Privileged glimpses 5: Don’t expect perfection.

This series of blog posts first appeared a few years ago on a now defunct blog called ‘Care Training’. It was inspired by the training maxim of ‘making the unconscious conscious’. It is intended to take what really ought to be the most basic principles of health and social care and put them down on paper. The series isn’t only an exercise in stating the obvious though whatever the title might suggest. It’s actually intended as a philosophical foundation manual for workers and informal carers to help them get their care ‘on track’ and then to keep it that way.


Don’t expect your service user to perform perfectly. You don’t so why should they?

As we saw in the last entry we all make mistakes and it takes time to learn a new skill. But that’s only half the story. Even with practice people rarely achieve perfection. It’s true that we might perform faultlessly some of the time but even the best of us gets things wrong on occasion. For most of us it’s a very regular occurrence no matter how much we’ve practiced. We all have ‘off days’ and we all make mistakes.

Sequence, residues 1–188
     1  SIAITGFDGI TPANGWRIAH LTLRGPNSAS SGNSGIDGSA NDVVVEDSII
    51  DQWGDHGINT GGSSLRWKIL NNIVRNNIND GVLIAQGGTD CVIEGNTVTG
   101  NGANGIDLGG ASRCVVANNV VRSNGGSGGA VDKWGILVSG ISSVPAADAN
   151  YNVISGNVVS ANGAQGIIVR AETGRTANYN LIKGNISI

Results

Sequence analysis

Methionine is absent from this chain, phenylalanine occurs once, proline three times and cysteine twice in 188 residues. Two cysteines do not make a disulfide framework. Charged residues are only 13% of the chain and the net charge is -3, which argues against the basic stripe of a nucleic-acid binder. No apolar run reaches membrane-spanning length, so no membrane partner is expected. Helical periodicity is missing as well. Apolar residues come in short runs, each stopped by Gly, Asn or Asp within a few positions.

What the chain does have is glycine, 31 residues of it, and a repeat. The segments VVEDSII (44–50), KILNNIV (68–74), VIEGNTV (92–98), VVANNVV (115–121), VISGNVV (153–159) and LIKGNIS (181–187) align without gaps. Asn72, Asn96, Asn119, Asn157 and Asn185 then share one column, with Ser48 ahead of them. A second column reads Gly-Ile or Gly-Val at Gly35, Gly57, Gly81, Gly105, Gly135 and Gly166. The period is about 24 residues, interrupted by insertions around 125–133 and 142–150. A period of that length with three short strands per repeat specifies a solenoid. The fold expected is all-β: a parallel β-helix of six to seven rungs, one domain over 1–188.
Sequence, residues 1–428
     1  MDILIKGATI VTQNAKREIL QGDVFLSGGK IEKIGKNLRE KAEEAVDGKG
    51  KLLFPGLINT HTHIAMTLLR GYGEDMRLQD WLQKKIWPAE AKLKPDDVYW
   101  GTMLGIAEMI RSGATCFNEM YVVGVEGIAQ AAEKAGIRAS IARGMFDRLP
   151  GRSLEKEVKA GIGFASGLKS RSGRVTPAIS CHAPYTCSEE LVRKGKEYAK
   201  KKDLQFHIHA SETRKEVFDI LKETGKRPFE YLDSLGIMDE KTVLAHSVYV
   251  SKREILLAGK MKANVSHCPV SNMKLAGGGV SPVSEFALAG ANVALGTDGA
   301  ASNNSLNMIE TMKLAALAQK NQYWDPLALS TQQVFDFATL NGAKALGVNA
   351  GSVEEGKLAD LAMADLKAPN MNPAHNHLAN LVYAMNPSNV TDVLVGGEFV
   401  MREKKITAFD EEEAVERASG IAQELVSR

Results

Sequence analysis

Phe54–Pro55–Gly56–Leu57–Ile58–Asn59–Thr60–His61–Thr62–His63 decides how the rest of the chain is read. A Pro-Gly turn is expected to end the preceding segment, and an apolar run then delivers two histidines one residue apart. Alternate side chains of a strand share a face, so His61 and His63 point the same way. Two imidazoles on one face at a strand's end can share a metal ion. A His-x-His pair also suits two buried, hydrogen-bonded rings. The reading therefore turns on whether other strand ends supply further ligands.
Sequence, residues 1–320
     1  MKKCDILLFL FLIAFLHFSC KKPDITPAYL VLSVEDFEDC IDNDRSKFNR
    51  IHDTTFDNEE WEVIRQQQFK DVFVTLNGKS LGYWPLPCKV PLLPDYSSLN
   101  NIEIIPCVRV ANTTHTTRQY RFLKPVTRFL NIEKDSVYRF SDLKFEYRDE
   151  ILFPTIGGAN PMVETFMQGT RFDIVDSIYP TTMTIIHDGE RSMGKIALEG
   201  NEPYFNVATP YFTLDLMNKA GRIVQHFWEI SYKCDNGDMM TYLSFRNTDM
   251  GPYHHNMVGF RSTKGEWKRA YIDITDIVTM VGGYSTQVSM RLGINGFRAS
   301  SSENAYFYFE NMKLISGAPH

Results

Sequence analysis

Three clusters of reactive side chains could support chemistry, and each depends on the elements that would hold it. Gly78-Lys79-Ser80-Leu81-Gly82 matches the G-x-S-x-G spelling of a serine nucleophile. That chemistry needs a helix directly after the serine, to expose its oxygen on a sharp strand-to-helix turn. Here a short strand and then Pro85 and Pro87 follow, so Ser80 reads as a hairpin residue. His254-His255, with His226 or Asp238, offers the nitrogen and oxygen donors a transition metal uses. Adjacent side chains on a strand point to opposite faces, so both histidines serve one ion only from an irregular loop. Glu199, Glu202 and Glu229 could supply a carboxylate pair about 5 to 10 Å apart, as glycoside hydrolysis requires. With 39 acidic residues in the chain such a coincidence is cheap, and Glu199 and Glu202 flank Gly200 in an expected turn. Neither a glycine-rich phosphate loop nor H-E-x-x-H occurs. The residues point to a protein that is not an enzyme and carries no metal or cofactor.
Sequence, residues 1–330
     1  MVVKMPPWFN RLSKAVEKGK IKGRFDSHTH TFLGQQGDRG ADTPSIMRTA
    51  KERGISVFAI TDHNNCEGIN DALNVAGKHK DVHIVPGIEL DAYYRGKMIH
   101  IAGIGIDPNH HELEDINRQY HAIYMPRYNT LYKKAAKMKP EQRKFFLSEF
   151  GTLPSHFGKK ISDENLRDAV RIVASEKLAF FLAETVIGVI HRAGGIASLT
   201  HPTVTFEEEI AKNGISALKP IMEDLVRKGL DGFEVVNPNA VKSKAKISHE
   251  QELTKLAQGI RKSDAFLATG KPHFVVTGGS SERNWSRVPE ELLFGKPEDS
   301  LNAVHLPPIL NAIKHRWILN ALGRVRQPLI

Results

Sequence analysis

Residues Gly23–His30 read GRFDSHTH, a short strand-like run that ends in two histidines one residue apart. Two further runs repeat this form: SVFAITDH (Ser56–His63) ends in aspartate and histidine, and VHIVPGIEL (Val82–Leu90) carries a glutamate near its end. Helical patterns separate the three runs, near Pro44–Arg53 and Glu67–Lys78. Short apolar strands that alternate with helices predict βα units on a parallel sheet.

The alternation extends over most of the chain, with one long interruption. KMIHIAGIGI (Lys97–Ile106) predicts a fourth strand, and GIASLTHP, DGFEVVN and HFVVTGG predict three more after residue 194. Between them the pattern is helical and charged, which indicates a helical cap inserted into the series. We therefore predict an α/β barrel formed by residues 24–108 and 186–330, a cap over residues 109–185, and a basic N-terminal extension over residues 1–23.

“Nobody’s perfect” as the saying goes.

But whilst it’s easy to excuse ourselves for the regular little errors that make up every day of our lives many workers in health and social care have difficulty extending the same understanding and forgiveness to service users. The next time you go into work take a random batch of care or support case files and look at the care plans inside. See how many of them have been discontinued as ‘unattainable’ after only one or two attempts. Notice also how many have stated goals set far too low because of an assumption that since the service user didn’t get it right every time they cannot be expected to attain meaningful goals.

Then apply the same logic to your own life.

Would you find your own support plans discontinued if the same stringent demands were applied to your….

  • Sobriety
  • Spending and budget management
  • Anger management
  • Compliance with medication regimes as ‘self-administrator of meds’
  • Smoking cessation (how many times did the ex smokers you know try and fail to stop before they succeeded?)

The fact that you screw up from time to time doesn’t make you a failure. It merely makes you human and fallible. We all make mistakes but that doesn’t mean we are incapable of doing well too.

Remember that there is no us and them. If we allow ourselves to be less than perfect then we must also allow the same freedom to be fallible for our service users.

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